Hubraletal_Geophys

Hubraletal_Geophys - GEOPHYSICS VOL 45 NO 11(NOVEMBER 1980 P 1697-1705 7 FIGS A sum autoregressive formula for the reflection response Peter Hubral

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GEOPHYSICS, VOL. 45, NO. 11 (NOVEMBER 1980); P. 1697-1705, 7 FIGS. A sum autoregressive formula for the reflection response Peter Hubral*, Sven Treitel$, and Paul FL Gutowski$ The normal incidence unit impulse reflection response of a perfectly stratified medium is expressible as an autoregressive-moving average (ARMA) model. In this representation, the autoregressive (AR) component describes the multiple patterns generated within the medium. The moving average (MA) component, on the other hand, bears a simple relation to the sequence of reflection coefficients (i.e., primaries only) of the lay- ered structure. An alternate representation of the reflection response can be formulated in terms of a superposition of purely ARtime-varyingminimum~delay wavelets. Each~sll~veadditinn~nf_a~~int~~to thelayeredsystem gives rise to an AR wavelet whose leading term is equal to the magnitude of the primary reflection originating at this interface. We accordingly call these wavelets “generalized primaries.” The AR component of every generalized primary contains only those multiple reflections that arise from the addition of its particular inter- face to the layered medium. Therefore, the impulsive reflection seismogram can be decomposed into a progressively delayed summation of as many generalized primaries as there are reflection coefficients, referred to here as a “sum AR” repre- sentation. Because each generalized primary is a pure AR time-varying wavelet, it becomes meaningful to consider a short time gate of a seismogram to be approximately representable by an AR model. In turn, this means that maximum entropy spectral analysis (MESA) applied to a short time gate of a seismogram is justi- fiable on the basis of the one-dimensional (1 -D) wave equation model. The conventional (ARMA) and the alternate (sum AR) representations of the impulsive reflection seis- mogram are entirely equivalent, yet they allow the study of this model from two different but complementary vantage points. INTRODUCTION The normal incidence reflection response of a hori- zontally stratified medium is by now a very familiar concept to the exploration seismologist. It describes the reflected spike sequence resulting from a unit spike plane wave normally incident upon a layered system. The theory is well established (Wuenschel, 1960; Goupillaud, 1961; Trorey, 1962; Kunetz, 1964; Sherwood and Trorey, 1965; Robinson, 1967). It has contributed much to a better understanding of the nature of the seismic reflection. For instance, the significance of short period peg-leg multiple reflec- tions (Anstey, 1960; O ’Doherty and Anstey, 1971; Schoenberger and Levin, 1974) was established on the basis of numerical simulations carried out with the normal incidence model. The discovery of the importance of peg-legs has, in fact, changed our concept of the classical primary reflection. Thus, it is useful to associate a given basic primary reflection with certain multiple reflections tending to reinforce the primary, thereby enhancing its detectability.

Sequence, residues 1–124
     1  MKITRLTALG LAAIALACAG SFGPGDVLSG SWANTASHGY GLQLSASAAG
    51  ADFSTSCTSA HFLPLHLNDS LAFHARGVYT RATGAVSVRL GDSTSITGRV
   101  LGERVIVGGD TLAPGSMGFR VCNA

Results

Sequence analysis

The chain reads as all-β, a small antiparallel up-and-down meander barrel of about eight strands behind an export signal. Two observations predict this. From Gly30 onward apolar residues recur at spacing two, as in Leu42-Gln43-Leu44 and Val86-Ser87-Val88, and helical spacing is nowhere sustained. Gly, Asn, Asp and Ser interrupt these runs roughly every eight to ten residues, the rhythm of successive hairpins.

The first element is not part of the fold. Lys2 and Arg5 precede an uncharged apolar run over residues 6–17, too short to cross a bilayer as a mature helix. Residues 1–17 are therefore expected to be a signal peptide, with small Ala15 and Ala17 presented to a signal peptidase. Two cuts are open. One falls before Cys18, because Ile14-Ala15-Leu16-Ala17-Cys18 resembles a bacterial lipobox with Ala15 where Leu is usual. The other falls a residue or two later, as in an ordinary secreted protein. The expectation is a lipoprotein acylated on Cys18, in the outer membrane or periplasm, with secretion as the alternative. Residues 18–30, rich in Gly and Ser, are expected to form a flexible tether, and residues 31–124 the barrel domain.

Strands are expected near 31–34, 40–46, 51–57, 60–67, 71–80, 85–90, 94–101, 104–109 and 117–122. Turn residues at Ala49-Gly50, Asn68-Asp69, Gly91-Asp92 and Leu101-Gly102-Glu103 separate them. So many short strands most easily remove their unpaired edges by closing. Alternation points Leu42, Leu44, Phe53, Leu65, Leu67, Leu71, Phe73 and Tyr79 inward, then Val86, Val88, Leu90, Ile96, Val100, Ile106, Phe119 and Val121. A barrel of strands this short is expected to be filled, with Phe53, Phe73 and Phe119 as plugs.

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This note was uploaded on 01/24/2011 for the course ERE 284 taught by Professor . during the Spring '10 term at Stanford.

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Hubraletal_Geophys - GEOPHYSICS VOL 45 NO 11(NOVEMBER 1980 P 1697-1705 7 FIGS A sum autoregressive formula for the reflection response Peter Hubral

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